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The Washington PostDemocracy Dies in Darkness

Coronavirus fallout will haunt U.S. economy for years, costing it $8 trillion through 2030, CBO says

Drop in consumer spending and revenue will dampen growth for years, government office says.

A business in San Antonio is closed because of the coronavirus. (Eric Gay/AP)

Fallout from the coronavirus pandemic will shrink the size of the U.S. economy by roughly $8 trillion over the next decade, according to new projections released by the Congressional Budget Office on Monday.

In a letter to U.S. lawmakers, the CBO said the U.S. economy will grow by $7.9 trillion less from 2020 to 2030 than it had projected in January. That amounts to a 3 percent decline in U.S. gross domestic product compared to its initial estimate.

The stark illustration of the pandemic’s potential economic impact comes one week after White House officials confirmed they would not release their own updated projections this summer in their annual “mid-session” budget review.

The pandemic will hamper U.S. economic growth by reducing the amount of consumer spending and closing numerous businesses, the CBO said. Part of the impact will be mitigated by the more than $2 trillion the federal government has already approved in emergency spending for households and businesses.

“Business closures and social distancing measures are expected to curtail consumer spending, while the recent drop in energy prices is projected to severely reduce U.S. investment in the energy sector,” said Phillip L. Swagel, the CBO director and former economic expert at the American Enterprise Institute, a center-right think tank.

The pandemic’s impact on the U.S. economy has been swift. The unemployment rate jumped from 3.5 percent in February to 14.7 percent in April. Tax revenue plummeted, spending skyrocketed, and the economy quickly contracted after years of growth.

The CBO report was requested by Senate Minority Leader Charles E. Schumer (D-N.Y.) and Sen. Bernie Sanders (I-Vt.), who serves on the Senate Budget Committee. The CBO had previously released forecasts for 2020 and 2021.

“Slower growth means higher unemployment, lower wages, and less income for people. What we are looking at is another decade of that,” said Adam Ozimek, chief economist at Upwork.

There’s a growing possibility of a W-shaped economic recovery — and it’s scary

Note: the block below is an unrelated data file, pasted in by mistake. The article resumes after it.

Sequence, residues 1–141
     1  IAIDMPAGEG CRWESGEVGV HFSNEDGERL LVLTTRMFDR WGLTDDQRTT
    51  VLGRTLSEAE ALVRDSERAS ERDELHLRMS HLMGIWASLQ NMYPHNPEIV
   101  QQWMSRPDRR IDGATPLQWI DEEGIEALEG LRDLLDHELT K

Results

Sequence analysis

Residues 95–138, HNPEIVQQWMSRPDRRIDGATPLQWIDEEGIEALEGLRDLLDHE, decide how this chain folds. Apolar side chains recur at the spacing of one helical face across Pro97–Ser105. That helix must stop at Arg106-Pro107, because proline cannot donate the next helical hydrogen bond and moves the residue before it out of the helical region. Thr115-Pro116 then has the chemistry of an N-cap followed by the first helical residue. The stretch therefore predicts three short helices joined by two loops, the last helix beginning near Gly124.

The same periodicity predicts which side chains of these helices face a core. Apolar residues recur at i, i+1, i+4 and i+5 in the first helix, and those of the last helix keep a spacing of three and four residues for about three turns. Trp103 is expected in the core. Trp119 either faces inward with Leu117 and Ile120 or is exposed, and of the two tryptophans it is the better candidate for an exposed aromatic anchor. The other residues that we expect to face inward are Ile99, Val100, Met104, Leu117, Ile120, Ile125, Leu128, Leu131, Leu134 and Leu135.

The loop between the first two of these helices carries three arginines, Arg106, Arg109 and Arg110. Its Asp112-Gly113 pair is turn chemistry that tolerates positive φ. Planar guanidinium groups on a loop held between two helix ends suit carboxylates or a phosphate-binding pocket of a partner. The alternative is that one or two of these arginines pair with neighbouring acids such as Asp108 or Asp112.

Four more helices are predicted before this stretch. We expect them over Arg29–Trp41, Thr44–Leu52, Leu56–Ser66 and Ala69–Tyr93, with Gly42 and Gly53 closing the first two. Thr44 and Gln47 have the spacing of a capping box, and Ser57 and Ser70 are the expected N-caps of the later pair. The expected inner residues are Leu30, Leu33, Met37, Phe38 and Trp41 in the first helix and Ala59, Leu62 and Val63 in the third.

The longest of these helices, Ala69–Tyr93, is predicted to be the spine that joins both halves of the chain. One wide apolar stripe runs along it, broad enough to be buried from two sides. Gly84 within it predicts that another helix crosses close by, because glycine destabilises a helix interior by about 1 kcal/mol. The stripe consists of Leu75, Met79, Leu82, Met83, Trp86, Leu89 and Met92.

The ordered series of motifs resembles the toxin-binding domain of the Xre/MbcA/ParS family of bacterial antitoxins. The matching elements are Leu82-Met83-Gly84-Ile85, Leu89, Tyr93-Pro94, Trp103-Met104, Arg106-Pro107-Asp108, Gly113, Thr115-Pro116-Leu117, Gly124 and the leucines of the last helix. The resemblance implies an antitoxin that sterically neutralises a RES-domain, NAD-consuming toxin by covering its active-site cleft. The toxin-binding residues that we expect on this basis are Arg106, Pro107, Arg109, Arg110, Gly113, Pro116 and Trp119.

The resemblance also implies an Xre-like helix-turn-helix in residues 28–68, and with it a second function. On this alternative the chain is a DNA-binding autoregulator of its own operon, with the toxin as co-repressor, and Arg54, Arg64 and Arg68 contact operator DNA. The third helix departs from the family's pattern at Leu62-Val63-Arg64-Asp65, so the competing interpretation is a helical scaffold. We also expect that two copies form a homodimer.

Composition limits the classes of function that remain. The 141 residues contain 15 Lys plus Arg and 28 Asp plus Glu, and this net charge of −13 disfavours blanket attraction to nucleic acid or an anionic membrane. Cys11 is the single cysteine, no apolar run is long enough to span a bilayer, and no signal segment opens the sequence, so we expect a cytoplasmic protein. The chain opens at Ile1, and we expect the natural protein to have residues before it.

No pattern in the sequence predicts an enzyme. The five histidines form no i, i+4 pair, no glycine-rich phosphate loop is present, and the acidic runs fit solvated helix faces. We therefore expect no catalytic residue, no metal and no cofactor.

Breaking precedent, White House won’t release formal economic projections this summer that would forecast extent of downturn

The White House said last week it would not be releasing its updated economic projections, such as GDP and unemployment statistics, because of the high level of volatility in the U.S. economy. CBO and other economic analysts have been able to do so.

The CBO’s letter says while “real” GDP will fall by about $8 trillion, “nominal” GDP will fall by $16 trillion over the next 10 years. That measure is viewed by economists as less significant because it does not include the impact of inflation.

Lawmakers are debating whether to renew several federal aid programs set to expire, including a sizable increase in unemployment benefits that will lapse at the end of July. Congressional Democrats seized on the CBO’s findings to argue additional emergency aid is urgently needed.

“In order to avoid the risk of another Great Depression, the Senate must act with a fierce sense of urgency to make sure that everyone in America has the income they need to feed their families and put a roof over their heads,” Schumer in a statement. “The American people cannot afford to wait another month for the Senate to pass legislation. They need our help now.”

Coronavirus: What you need to know

Where do things stand? See the latest covid numbers in the U.S. and across the world. In the U.S., pandemic trends have shifted and now White people are more likely to die from covid than Black people.

The state of public health: Conservative and libertarian forces have defanged much of the nation’s public health system through legislation and litigation as the world staggers into the fourth year of covid.

Grief and the pandemic: A Washington Post reporter covered the coronavirus — and then endured the death of her mother from covid-19. She offers a window into grief and resilience.

Would we shut down again? What will the United States do the next time a deadly virus comes knocking on the door?

Vaccines: The CDC recommends that everyone age 5 and older get an updated covid booster shot. New federal data shows adults who received the updated shots cut their risk of being hospitalized with covid-19 by 50 percent. Here’s guidance on when you should get the omicron booster and how vaccine efficacy could be affected by your prior infections.

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